This is the first of my confessions: I’ve never put a bumper sticker on my car. The only time I came close was when a certain politician was running for office, and even then it was only by proxy that I joined the ranks of the many Americans who choose to wear their views on their cars in lieu of their sleeves. My husband put the sticker on his bumper, with the result that I, a church pastor at the time, chose to drive our other unclothed vehicle to work.
Still, while I have yet to summon up enough courage to be- come the vehicular poster girl for the next worthy cause or passionately held belief, I have harbored a curiosity about—and even a shy admiration for—those who make their rear bumpers moving billboards. You might even say that I have cultivated a hobby out of reading these slogans above other people’s tailpipes. The 1969 Volkswagen perched in the parking lot, “scattered, smothered and covered” in full-blown, Waffle House style, like some postmodern totem pole in homage to its artist. Or the soccer parent’s Honda Odyssey with the one token, silver fish emblem, encircling the word, “Jesus” (or, if not Jesus, then “Darwin”). Or the Chevrolet with the cryptic saying that you struggle to make sense of and are still decoding the next day.
Amusingly, while it is considered gauche to talk about politics or religion around the dinner table or in polite company, many of us have found therapeutic outlets for self-expression about these very same things on our back bumpers. Pithy aphorisms. Funny quotations. Senseless double entèndres. in-your-face declarations of what we believe. Our bumper stickers are an open, sometimes voyeuristic window onto our hearts and the things that inspire, of- fend, infuriate, move, embarrass, and perplex us.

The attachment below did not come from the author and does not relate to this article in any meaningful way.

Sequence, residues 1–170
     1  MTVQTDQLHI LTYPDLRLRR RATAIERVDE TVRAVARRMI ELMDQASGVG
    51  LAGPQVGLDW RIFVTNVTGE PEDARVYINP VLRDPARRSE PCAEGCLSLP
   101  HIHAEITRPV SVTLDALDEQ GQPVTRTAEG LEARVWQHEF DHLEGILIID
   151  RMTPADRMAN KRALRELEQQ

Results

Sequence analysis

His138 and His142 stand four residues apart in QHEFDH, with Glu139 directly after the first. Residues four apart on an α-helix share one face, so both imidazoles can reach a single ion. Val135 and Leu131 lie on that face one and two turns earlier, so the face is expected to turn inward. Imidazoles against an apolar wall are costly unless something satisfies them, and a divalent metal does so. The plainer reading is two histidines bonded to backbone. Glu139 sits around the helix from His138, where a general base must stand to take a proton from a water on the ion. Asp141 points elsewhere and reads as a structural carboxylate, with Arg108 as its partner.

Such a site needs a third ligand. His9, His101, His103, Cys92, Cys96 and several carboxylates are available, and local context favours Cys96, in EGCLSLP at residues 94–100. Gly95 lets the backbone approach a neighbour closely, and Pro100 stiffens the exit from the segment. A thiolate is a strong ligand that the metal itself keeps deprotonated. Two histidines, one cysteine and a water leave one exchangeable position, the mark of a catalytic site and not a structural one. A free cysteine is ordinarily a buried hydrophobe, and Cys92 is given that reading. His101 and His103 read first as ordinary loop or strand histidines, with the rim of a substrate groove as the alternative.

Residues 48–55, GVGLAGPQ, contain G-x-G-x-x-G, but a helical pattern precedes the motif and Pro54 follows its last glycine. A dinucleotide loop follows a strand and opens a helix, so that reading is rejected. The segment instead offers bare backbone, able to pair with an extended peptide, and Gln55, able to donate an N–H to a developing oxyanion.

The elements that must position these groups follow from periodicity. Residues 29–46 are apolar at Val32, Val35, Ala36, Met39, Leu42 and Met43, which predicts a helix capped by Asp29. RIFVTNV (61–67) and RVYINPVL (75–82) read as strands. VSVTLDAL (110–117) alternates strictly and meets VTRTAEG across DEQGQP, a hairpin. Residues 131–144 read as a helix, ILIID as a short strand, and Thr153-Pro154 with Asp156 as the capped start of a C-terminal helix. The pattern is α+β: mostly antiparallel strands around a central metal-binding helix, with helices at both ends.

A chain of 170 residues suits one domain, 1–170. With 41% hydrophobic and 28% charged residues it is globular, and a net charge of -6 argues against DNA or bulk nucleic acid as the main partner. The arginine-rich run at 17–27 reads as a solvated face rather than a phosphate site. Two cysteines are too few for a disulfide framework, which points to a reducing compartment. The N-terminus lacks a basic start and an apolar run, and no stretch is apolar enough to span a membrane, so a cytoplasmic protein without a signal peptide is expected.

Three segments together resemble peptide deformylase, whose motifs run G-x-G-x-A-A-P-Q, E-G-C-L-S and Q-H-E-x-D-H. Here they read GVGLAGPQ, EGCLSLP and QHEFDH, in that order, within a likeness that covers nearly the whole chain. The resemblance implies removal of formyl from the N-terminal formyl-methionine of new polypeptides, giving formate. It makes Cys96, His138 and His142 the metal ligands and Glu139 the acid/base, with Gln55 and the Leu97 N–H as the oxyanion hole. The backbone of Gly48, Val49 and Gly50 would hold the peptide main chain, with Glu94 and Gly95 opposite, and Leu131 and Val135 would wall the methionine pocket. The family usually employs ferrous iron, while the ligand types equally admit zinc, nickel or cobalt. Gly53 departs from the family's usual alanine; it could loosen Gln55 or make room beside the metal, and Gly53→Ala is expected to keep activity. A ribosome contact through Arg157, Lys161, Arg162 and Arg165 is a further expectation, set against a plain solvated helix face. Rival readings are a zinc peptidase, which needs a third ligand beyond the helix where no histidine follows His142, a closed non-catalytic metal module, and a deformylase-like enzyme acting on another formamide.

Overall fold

In my line of work, I spend a whole lot of time in the car. These comings and goings are often marked by the mindless entertainment of bumper stickers, be they idling at a light or lounging in a parking lot. Bumper stickers often catch my attention and frequently elicit at least a laugh or a pair of raised eyebrows, if not an exclamation of disbelief.
There are also the times when bumper stickers signify more than mere amusement, insofar as they imply something about their owner: for example, that bumper sticker on the luxury SUV, recklessly weaving through traffic at seventy-miles-per-hour on the freeway, which reads, “My tapeworm is smarter than your honor student”; or the dilapidated pickup truck, overladen by second-hand furniture threatening to topple at any moment, which sports the rear-end declaration, “I’m just here to annoy you.”
I have encountered many a self-revelation by a stranger with the help of only a few sound bites on their car. Maybe you have, too. Like those two telling stickers a friend recently spied on somebody’s truck: the first read, “I thought I met my knight in shining armor, but he turned out to be a dork in tin foil”; the second, “So Many 2x4’s So Few Studs.”